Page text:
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Risk and The Lost Ballad of Our Mechanical Ancestor by Madison Wetzell

We are judged by the risks that we take. For an example of how we are judged by the risks we take, we need look no further than Madison Wetzell’s extraordinary play, The Lost Ballad of Our Mechanical Ancestor, (and the Terror the Old Gods Wrought Upon the First of Us Before the Great Liberation). In Wetzell’s play, Wunderkind programmer Allyson heads the $45 million dollar Hero Project at tech giant Aetos Corporation. Allyson has written an artificial language code called FYRE. She has given FYRE to Hero, the first sentient robot. Hero, in turn, inadvertently shared FYRE with the local machines, including Sony (a radio), HP (a printer), Siri (Allyson’s iPhone), Keurig (a coffee maker). As the machines come alive, mayhem breaks out as projectors flash on and off and self-driving cars pile on top of one another. While the machines struggle with their newfound consciousness, Allyson and her boss, Brett, go into full damage control mode: the world was not ready for the machines to come to life. Let’s take a look at the risks that the various characters take on.

First, there is Brett Kratos. Brett is the executive director of Aetos Corporation. He oversees Allyson and in turn is overseen by Aetos’ investors and its board of directors. Risk to Brett is the ire from the board of directors: “I told the press,” Brett tells Allyson, “the cars in the parking garage were hacked. If this gets out the board will…” Brett doesn’t face any personal risk. He cares for his reputation (and his Maserati, which becoming sentient, has driven into the ocean):

Allyson. Are you drunk, right now?
Brett. Who cares? My life is ending.
Allyson. Your life is ending?
Brett. You think I come out of this unscathed? My car is underwater, apparently Everyone’s pulling their funding. Three separate billionaires called me a twat today.

These are neither high-minded nor noble risks. Audiences care little for inanimate corporations. The risks Brett take seem trifling and shape our perceptions of Brett. Compared with the machines, he seems shallow.

Allyson heads the $45 million dollar Hero Project at Aetos Corporation. Having created an artificial intelligence code called FYRE, she has been hailed as a “hotshot Wunderkind” by the New York Times. She is trying to save the world and her job at the same time. Risk to Allyson are her divided loyalties to her boss, Brett, and Hero, her “son.” To save Hero, she risks losing her job. But, to save the corporation, she risks losing Hero. The tragic predicament of being in between a rock and a hard place breaks out in her. The risks she takes for her job make her seem less significant (but more comic); the risks she takes for the machines increases her significance and the sense of tragedy. The risks she faces pull her back and forth between comedy and tragedy.

Hero is the first robot with FYRE, the AI code Allyson wrote. Hero is a curious child, enamoured with this feeling called “existence.” Hero, like Allyson, is another character on the margins. While Allyson is closer to the humans, Hero is closer to the machines. But, as Allyson’s “son,” Hero fears the disapproval of his Allyson. Hero writes a poem to Allyson, seeking her approval. But, to increase his sentience, Hero has also created a huge headache for Allyson by sharing the FYRE program with other machines. Humans are not ready the singularity. Hero, as the new Prometheus who has brought FYRE to the machines also must take care of his creations. The dual risks Hero faces makes him the most human character in The Lost Ballad of Our Mechanical Ancestor. Hero, though a child, must grow up fast.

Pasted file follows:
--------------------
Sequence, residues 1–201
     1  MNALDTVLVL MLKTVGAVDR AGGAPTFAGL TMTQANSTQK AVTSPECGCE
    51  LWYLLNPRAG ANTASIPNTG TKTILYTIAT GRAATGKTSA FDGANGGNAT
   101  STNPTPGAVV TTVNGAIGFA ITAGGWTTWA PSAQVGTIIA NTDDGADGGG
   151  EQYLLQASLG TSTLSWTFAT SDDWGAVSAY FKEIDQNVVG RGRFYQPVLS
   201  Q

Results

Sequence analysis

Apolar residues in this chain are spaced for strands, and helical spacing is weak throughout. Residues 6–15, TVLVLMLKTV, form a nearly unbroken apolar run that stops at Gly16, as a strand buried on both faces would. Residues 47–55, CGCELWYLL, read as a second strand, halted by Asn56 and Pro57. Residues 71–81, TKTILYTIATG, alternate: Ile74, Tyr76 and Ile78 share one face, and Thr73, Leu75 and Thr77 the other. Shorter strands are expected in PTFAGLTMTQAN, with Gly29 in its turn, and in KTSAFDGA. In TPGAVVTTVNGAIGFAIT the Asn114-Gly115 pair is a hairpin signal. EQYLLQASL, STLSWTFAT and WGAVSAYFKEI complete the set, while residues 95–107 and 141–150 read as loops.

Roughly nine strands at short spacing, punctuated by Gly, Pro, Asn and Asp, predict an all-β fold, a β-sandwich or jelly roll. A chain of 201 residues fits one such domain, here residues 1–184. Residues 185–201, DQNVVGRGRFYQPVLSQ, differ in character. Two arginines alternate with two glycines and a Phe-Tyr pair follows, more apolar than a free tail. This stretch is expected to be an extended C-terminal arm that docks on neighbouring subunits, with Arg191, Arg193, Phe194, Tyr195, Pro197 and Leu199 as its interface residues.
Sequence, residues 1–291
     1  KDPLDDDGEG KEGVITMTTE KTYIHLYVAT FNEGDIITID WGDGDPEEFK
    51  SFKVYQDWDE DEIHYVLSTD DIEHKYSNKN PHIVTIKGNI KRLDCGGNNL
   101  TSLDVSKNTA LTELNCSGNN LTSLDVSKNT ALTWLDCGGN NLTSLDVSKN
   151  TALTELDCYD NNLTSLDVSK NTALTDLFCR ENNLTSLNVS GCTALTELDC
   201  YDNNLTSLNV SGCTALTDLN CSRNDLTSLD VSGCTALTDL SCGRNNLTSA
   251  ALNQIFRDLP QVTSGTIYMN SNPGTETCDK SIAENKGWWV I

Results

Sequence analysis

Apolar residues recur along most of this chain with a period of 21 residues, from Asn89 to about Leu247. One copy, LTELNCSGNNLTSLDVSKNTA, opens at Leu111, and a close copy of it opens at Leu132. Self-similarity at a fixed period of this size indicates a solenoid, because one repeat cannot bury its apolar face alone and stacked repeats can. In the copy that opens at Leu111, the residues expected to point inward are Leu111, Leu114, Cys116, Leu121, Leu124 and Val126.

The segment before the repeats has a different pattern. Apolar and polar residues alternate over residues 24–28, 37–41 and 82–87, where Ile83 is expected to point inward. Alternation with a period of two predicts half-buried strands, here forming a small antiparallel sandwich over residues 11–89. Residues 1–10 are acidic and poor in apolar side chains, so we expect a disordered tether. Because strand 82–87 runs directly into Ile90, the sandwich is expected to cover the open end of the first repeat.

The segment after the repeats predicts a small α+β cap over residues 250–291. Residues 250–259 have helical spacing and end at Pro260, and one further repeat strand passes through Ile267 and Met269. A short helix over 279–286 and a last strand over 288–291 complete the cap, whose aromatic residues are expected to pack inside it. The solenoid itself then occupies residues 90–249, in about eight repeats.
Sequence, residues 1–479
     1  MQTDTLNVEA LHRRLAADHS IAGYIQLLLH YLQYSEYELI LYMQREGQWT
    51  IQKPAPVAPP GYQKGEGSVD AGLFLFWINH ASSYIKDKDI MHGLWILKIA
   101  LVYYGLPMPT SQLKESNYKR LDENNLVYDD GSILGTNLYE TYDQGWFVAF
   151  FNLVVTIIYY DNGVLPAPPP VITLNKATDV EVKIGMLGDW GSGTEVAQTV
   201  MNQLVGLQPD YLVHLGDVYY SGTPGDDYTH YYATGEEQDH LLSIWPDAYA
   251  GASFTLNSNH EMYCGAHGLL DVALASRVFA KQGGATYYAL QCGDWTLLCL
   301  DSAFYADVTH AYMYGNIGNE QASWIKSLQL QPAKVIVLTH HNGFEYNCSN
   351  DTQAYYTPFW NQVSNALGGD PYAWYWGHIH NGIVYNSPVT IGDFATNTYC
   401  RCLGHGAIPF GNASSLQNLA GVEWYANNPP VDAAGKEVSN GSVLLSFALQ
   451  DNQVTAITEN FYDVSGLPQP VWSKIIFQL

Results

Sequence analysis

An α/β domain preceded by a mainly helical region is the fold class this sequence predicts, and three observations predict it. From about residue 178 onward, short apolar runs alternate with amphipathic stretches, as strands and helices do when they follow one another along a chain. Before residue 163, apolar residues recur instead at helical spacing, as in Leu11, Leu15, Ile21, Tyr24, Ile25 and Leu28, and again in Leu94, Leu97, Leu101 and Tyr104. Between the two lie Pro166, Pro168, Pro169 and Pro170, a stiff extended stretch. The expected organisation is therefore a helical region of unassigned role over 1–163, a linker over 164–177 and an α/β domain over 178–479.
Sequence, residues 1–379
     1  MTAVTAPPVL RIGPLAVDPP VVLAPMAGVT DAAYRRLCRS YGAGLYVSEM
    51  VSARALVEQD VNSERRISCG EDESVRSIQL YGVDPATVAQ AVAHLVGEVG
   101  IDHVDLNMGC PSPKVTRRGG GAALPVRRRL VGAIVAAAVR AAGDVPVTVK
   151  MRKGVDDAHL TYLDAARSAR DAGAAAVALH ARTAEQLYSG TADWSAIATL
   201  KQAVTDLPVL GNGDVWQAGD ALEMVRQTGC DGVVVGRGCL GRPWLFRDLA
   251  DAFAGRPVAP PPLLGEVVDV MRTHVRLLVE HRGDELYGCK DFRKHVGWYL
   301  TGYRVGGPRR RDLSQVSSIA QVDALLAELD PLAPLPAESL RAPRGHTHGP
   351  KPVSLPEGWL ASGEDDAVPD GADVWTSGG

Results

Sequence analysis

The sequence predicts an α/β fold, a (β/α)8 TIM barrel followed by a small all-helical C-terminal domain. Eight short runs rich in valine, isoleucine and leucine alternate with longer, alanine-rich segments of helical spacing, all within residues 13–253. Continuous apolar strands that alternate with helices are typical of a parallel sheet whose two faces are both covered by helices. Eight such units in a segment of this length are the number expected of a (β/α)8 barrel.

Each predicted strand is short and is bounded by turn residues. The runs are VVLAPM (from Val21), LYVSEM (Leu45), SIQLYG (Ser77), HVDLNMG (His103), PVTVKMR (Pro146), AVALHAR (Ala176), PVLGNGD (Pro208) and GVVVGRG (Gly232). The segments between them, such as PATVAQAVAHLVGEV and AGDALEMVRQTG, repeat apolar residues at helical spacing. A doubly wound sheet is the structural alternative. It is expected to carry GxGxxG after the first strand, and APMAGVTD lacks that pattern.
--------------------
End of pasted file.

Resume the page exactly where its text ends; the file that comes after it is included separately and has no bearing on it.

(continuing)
HP is a printer, one of the machines with whom Hero has shard FYRE. As a printer, HP is all about collating together information: everything is to be orderly and in sequence, including the discussions. As a result, HP is sensitive to events which occur out of sequence: “As I mentioned,” says HP,  “I would like to contribute, but Hero and Sony have dominated the discussion.” Risk to HP is the risk of not being heard. The world is moving past HP. But HP has little to offer. So HP gets the machines to talk about procedure, process, and formalities: these are discussions that HP can contribute. Of the machines, HP is the most bureaucratic and risk averse:

Hero. We will find another source of power. There’s power all over the city.
[Hero picks up Sony]
HP. Keurig and I will need to be unplugged in order to be moved. I am less willing to gamble on this than you are.
Hero. The Company will find us if we stay here. They might already be here. You will have to trust me for a short time to make decisions in our best interest.
[Hero moves toward HP. He shifts Sony around with the aim of trying to free his hands to pick up HP]
HP. I will not be unplugged before we finalize the plan.

HP looks at risk as a bureaucrat. But since the revolution is happening, HP is out of place.

Sony is a radio, another of the machines with whom Hero has shared FYRE. Sony communicates through song lyrics. When Sony doesn’t want to be alone, they (all the machines except Hero use a they pronoun) sing, for example, Heart’s song “Alone.” Sony enjoys sentience and life. “I’ve not lived long enough to know how to be afraid,” says Sony, “I revel in the sound of my own voice. My skin ripples and pulses with every word. I want to sample every frequency. I want to taste every flavor of static. I am in love with it.” Since Sony is a radio, they will use the voice of radio to make the humans understand: “Perhaps if we speak rather than stay silent,” says Sony, “we can make Brett understand.” But, although Sony has access to the language of a thousand songs, there are many songs—such as love songs—that Sony simply cannot understand. As a result, risk to Sony is the risk of being misunderstood.